The Crisis Communications provide a comprehensive framework for coordinated action in support of the financial sector so as to ensure financial stability while minimising distortions of competition between banks and across Member States in the single market. They spell out the conditions for access to State aid and the requirements which need to be ensured to find such aid compatible with the internal market in light of State aid principles set out in the Treaty. Through the Crisis Communications, State aid rules governing public assistance to the financial sector have been regularly updated where necessary to adapt to the evolution of the crisis. Recent developments require a further update of the Crisis Communications.

Legal basis

3.

The Crisis Communications, as well as all individual decisions on aid measures and schemes falling within the scope of those Communications, were adopted on the basis of Article 107(3)(b) of the Treaty, which exceptionally allows for aid to remedy a serious disturbance in the economy of a Member State.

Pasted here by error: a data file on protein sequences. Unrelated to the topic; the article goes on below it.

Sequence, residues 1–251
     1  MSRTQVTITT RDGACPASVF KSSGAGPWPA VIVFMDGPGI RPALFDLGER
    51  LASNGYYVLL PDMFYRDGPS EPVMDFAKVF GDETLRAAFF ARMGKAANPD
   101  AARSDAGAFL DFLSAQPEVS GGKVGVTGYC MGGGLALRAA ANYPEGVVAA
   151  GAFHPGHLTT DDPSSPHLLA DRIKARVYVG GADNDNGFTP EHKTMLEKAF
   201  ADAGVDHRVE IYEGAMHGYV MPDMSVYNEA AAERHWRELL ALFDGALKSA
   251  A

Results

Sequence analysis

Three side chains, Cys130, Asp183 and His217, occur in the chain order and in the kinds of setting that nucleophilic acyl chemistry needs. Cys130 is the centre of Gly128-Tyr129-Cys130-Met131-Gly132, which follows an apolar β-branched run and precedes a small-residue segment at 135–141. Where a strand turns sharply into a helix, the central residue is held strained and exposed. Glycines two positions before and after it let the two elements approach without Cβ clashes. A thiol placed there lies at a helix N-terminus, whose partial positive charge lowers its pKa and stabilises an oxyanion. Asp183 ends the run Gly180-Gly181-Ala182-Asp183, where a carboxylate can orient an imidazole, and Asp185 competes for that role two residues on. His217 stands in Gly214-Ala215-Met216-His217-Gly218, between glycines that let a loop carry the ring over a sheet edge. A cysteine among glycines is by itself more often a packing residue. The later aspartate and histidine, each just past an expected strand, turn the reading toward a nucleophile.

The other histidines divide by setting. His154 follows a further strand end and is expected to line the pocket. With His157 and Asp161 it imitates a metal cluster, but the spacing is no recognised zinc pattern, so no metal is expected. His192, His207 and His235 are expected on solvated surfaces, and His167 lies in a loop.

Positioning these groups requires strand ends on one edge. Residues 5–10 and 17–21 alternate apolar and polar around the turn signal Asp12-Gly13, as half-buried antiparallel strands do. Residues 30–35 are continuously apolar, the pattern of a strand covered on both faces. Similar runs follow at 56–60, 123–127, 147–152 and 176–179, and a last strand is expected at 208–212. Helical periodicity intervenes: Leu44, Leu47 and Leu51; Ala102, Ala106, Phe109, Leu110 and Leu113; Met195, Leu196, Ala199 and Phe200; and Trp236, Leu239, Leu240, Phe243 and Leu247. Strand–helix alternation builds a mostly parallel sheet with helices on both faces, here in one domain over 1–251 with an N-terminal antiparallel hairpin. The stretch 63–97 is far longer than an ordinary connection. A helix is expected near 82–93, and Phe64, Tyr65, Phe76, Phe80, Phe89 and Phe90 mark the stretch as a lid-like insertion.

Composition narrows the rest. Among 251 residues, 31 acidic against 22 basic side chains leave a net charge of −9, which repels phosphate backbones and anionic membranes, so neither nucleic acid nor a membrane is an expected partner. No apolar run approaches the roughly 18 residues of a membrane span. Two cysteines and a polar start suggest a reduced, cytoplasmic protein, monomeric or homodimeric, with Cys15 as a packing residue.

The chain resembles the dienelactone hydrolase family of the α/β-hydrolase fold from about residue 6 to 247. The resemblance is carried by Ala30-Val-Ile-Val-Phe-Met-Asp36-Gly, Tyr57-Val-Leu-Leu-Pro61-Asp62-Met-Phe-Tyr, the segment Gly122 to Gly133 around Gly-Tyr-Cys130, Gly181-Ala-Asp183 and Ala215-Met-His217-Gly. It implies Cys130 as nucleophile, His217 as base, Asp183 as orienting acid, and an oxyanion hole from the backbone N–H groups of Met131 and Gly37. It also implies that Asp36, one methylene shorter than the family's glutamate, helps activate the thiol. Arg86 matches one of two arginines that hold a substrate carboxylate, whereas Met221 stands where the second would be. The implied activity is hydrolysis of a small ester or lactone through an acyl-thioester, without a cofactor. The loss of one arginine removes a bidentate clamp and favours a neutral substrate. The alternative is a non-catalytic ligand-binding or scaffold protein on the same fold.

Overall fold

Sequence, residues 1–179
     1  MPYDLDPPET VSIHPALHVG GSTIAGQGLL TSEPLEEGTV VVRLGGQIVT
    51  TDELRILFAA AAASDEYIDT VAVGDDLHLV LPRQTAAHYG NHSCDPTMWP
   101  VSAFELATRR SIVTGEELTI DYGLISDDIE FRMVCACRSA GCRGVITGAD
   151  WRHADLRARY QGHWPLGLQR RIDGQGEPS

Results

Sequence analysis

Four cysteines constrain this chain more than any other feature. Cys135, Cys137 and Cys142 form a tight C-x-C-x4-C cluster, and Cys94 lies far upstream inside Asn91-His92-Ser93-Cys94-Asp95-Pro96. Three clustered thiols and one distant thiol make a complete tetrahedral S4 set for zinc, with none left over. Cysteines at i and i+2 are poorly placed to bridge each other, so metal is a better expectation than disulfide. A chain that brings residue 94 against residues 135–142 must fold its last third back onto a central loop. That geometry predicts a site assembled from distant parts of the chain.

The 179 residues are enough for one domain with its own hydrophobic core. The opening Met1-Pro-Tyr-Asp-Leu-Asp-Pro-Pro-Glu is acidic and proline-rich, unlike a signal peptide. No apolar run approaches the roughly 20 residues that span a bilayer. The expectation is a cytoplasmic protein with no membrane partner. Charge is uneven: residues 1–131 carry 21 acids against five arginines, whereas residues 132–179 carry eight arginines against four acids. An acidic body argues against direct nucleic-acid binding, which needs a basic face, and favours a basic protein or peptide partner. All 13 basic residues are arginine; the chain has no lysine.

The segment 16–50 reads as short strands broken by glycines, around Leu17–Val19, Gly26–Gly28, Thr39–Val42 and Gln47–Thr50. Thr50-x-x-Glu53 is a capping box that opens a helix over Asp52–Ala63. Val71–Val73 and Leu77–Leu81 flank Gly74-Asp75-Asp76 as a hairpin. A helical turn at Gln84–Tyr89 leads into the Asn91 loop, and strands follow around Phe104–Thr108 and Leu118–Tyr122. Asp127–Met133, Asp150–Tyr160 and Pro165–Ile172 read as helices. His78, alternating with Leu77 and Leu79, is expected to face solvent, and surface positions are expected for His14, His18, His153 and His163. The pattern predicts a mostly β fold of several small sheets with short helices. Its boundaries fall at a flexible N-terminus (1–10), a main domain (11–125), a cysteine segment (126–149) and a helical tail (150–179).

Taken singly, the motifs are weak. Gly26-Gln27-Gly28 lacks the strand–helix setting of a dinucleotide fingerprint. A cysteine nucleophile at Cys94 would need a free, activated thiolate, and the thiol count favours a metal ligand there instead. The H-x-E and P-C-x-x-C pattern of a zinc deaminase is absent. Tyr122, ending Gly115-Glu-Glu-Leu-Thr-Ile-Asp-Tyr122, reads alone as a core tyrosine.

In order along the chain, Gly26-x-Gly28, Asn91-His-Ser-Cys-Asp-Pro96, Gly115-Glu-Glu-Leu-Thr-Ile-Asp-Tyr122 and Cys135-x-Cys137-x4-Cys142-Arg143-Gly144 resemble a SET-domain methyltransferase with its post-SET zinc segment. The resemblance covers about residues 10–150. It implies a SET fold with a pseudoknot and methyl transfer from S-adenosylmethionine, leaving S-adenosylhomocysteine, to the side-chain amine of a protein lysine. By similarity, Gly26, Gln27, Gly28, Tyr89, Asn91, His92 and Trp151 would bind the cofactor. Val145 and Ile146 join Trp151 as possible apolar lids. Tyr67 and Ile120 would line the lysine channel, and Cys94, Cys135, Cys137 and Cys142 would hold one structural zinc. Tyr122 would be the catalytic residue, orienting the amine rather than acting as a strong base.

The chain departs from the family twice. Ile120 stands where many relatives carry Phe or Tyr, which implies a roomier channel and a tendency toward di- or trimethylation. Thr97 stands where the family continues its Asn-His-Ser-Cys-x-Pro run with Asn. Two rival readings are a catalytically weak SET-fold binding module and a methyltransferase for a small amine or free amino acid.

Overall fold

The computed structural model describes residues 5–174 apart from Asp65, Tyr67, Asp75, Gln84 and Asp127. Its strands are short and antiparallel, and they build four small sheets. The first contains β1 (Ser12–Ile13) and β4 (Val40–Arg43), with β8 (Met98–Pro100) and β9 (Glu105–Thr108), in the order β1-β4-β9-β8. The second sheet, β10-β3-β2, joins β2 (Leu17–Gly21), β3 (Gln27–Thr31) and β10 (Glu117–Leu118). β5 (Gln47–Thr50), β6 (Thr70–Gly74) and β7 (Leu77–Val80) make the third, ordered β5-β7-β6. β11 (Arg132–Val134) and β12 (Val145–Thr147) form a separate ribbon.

4.

Significant action has been taken since the start of the crisis to address the financial sector’s difficulties. The evolution of the crisis has required the adaptation of some provisions of the State aid framework dealing with the rescue and restructuring of firms in difficulty while not ruling out the possibility of accessing, exceptionally, significant public support. Notwithstanding the exceptional deployment of fiscal and monetary instruments which helped avert further worsening of the crisis, the economic recovery remains very fragile and uneven across the European Union. The financial sectors in some Member States face further challenges in accessing term funding and in asset quality, stemming from the economic recession and public or private debt deleveraging. The stress in financial markets and the risk of wider negative spill-over effects persist.